Well, David, now you've done it! You've gone and upset Frannie. I've hardly seen her so despondent over a puzzle. Usually it's me who bemoans our fate, but today, after each of us spent quite a lot of time staring blankly at a nearly empty West side, she thought we might never finish! But lo and behold, things slowly trickled in, and as it happened, it was she who drove the final nail with ABEYANT (7D: Temporarily inactive).
But it wasn't just fear of a DNF that irritated her, it was also things like DOUBLEBED (15A: Tight squeeze for a couple?). We fought long and hard to keep "single bed" in there, which would have made more sense, but eventually PUTTER (3D: Green piece) (actually tried "enviro" first) forced our hand. Maybe that's why the question mark was included on 15A? Another that she didn't love was FORCEQUIT (60A: Prevent a crash, say), both because it is usually employed only after a crash (albeit on the program level, not the system level), and because it offended her PC-loyalist sensibilities. I think that in their world, they just say "Control-Alt-Delete," or some other nonsense. Also, and this isn't such a big deal, but who uses the POKE (30A: Contact on Facebook) function these days? As the daughter of a friend once told me, "The festival of poking is over!"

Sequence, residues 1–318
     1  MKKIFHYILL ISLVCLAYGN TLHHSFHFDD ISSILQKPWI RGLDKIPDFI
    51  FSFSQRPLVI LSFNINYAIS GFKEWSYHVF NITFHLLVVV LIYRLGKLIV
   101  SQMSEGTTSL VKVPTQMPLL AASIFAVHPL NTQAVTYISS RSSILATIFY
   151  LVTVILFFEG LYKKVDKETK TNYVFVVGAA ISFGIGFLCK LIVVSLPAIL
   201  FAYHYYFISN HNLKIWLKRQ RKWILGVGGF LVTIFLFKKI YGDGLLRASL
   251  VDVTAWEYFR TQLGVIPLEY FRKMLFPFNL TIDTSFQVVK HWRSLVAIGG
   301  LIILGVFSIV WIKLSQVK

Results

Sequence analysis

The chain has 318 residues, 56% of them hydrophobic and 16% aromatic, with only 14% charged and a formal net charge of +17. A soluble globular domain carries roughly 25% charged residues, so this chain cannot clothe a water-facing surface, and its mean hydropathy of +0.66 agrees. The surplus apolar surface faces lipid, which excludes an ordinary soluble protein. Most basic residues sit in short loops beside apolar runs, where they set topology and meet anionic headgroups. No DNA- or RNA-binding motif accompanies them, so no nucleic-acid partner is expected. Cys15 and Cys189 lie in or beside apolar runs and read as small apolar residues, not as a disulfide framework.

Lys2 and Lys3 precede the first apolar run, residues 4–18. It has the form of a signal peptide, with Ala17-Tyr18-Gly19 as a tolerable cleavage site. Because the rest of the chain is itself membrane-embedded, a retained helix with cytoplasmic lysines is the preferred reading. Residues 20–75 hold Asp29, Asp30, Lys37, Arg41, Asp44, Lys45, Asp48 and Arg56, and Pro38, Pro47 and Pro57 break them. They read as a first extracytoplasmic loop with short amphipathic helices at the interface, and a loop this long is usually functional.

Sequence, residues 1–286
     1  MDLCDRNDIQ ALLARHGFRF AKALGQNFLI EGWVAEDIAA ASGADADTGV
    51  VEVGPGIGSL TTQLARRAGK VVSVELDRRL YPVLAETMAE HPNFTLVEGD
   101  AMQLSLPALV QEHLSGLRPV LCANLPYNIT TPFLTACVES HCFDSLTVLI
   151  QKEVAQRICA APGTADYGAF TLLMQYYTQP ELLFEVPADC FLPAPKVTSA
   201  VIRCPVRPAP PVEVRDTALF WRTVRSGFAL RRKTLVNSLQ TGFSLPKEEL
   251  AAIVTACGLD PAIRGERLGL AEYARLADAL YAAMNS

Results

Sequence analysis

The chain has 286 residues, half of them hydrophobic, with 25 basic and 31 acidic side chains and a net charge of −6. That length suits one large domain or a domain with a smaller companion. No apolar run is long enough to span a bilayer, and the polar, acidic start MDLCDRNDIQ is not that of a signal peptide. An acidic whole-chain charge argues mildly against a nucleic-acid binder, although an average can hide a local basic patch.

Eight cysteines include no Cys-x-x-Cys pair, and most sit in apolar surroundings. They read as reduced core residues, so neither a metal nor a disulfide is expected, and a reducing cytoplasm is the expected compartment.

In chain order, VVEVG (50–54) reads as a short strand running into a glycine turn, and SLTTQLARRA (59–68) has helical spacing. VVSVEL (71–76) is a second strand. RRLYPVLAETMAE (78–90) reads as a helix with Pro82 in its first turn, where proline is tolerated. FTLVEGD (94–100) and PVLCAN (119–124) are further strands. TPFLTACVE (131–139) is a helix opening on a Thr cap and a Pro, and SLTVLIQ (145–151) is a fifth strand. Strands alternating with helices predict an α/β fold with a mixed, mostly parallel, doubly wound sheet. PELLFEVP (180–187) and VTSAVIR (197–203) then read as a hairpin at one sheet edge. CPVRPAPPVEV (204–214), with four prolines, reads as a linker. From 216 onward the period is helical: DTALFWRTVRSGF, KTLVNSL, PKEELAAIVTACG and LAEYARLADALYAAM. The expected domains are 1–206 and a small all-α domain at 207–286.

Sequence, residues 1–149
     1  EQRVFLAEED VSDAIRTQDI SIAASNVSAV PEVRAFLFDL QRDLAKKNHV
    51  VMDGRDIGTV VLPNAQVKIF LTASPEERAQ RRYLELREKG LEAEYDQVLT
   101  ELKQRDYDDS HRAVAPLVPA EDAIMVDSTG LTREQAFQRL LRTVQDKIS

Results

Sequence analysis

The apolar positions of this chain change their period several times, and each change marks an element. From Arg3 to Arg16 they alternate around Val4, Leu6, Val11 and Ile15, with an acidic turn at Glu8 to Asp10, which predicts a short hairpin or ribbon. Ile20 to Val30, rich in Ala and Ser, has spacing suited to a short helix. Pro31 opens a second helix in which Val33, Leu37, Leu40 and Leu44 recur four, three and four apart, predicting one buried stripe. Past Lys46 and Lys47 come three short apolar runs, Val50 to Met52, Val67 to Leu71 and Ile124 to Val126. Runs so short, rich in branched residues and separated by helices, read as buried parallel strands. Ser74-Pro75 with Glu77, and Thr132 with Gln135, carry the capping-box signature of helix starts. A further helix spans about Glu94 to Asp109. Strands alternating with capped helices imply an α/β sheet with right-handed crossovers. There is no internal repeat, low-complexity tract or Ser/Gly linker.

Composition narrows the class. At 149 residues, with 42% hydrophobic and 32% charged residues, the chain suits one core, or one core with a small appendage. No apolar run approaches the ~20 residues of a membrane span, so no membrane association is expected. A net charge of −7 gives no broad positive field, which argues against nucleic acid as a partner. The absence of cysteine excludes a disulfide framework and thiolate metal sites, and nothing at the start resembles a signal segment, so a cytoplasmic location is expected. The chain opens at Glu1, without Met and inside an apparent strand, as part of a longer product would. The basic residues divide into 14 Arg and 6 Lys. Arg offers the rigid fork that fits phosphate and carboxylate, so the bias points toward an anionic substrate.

For my part, ever since Mr. Steinberg's puzzles of March 23, 2013 and April 20, 2013, the sight of his name on a Saturday fills me with a lot of hope and a little dread. I know he can be great, but, like in those other two, he can also be brutal. Take, for example, that SW corner. All the downs were very, very slow to come. We've never heard of ELEONORA (36D: Early tragedienne Duse), and Frannie just had some kind of vague idea that 35D: Pioneering underground publication of the 1960s (ZAPCOMIX) would end in "comix," but we really didn't have any idea how it would start. As for AEONFLUX (37D: 1990s sci-fi series), it might have eluded us forever had I not just spent the past two days in meetings about a software product named "Aeon."
As for the crosses, ALEYARD (39A: Long, slender glass for drinking beer) was first "pilsner," and then "tankard" (yeah, I know, they're not that slender), before the lesser known vessel was revealed. It seems to be lesser known even on Google, where the terms "yard glass," and even "yard of ale" are more easily found. After reading the Wikipedia entry for "Yard of Ale," I feel I should be on the lookout for "Sconce pot" in future Steinberg puzzles. Incidentally, the fastest downing of a yard of ale recorded in the Guinness Book of Records is 5 seconds.
Where was I? Oh, right... ONFIRE (53A: Killing it) and XAXES (64A: Baselines?) were both quite good, and in other areas, we chuckled at BADADVICE (63A: "Buy high and sell low," e.g.), and HAYSEEDS (14D: Provincials) brought a smile. Really, I thought there was quite a bit of good fill, and honestly, I think Franny did too.
Anyhoo... I, for one, have come to feel that all's fair in love and Saturday puzzles, and any time we can spend over two hours with the grid and then finish it, well, that's a good Saturday.